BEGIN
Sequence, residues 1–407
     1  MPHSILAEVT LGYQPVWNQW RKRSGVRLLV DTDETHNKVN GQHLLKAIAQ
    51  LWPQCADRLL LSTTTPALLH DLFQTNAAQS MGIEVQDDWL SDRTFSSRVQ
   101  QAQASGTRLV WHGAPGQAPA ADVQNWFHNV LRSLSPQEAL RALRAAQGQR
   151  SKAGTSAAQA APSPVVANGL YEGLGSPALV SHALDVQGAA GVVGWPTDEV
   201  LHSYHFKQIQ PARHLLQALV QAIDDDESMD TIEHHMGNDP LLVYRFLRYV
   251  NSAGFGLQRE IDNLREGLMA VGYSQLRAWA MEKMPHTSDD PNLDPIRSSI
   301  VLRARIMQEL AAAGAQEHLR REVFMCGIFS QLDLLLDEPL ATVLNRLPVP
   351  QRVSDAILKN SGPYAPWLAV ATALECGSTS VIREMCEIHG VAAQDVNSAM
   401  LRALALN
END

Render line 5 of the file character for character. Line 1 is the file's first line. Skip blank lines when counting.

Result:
   151  SKAGTSAAQA APSPVVANGL YEGLGSPALV SHALDVQGAA GVVGWPTDEV